May 26, 2022

Volume XII, Number 146

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Are Directors Joint Clients?

In a ruling this week, Vice Chancellor Lori Will addressed whether one-half of an evenly divided board could gain access  privileged communications between the corporation and its long-time outside counsel.  In re Aerojet Rocketdyne Holdings, 2022 Del. Ch. LEXIS 106.  She ruled that the attorney-client privilege could not be used to deny access to incumbent directors, stating that the "defendants have no greater claim to the Company's privileged than the plaintiffs, who are joint clients of Company counsel".  

The Vice Chancellor's ruling gives no indication that she is applying anything other than Delaware law.   This would seem appropriate in a Delaware court, but shouldn't a choice of law analysis be applied in deciding the scope of outside counsel's engagement?   For example, did the counsel's engagement letter include a choice of law provision?  

I raise the choice of law question because under California's Rules of Professional Conduct, an attorney representing an entity does not automatically represent its directors and officers:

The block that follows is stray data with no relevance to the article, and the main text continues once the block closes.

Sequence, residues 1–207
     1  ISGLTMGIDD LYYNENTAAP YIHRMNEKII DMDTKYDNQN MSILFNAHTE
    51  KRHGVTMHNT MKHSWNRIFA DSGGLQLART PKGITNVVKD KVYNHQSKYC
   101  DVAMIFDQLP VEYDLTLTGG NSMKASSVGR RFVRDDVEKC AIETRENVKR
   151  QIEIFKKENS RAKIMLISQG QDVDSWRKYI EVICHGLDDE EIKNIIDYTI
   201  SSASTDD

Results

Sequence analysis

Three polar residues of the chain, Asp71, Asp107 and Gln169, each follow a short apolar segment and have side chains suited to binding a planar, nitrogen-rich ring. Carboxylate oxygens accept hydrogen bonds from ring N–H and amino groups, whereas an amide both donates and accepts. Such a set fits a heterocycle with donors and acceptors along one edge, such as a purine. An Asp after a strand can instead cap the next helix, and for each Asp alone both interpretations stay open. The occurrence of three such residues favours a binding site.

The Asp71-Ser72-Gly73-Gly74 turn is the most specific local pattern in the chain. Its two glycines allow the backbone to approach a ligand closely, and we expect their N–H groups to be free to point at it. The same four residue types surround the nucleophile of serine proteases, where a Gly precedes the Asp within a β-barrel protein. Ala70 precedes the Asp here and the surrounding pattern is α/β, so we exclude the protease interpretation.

A lawyer employed or retained by an organization shall conform his or her representation to the concept that the client is the organization itself, acting through its duly authorized directors, officers, employees, members, shareholders, or other constituents overseeing the particular engagement.

Rule 1.13(a).  This fact is further elucidated by the requirement:

In dealing with an organization’s constituents, a lawyer representing the organization shall explain the identity of the lawyer’s client whenever the lawyer knows* or reasonably should know* that the organization’s interests are adverse to those of the constituent(s) with whom the lawyer is dealing.

Rule 1.13(f).  As set forth in Rule 1.13(a), a lawyer's constituents includes its directors.  If the corporation's attorney also wishes to represent a director or other constituent, he or she must comply with Rule 1.13(g).   Therefore, had the Vice Chancellor applied California law, I would not automatically conclude that the directors were joint clients of the corporation's attorney.

© 2010-2022 Allen Matkins Leck Gamble Mallory & Natsis LLP National Law Review, Volume XII, Number 132
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About this Author

Keith Paul Bishop, Corporate Transactions Lawyer, finance securities attorney, Allen Matkins Law Firm
Partner

Keith Bishop works with privately held and publicly traded companies on federal and state corporate and securities transactions, compliance, and governance matters. He is highly-regarded for his in-depth knowledge of the distinctive corporate and regulatory requirements faced by corporations in the state of California.

While many law firms have a great deal of expertise in federal or Delaware corporate law, Keith’s specific focus on California corporate and securities law is uncommon. A former California state regulator of securities and financial institutions, Keith has decades of...

949-851-5428
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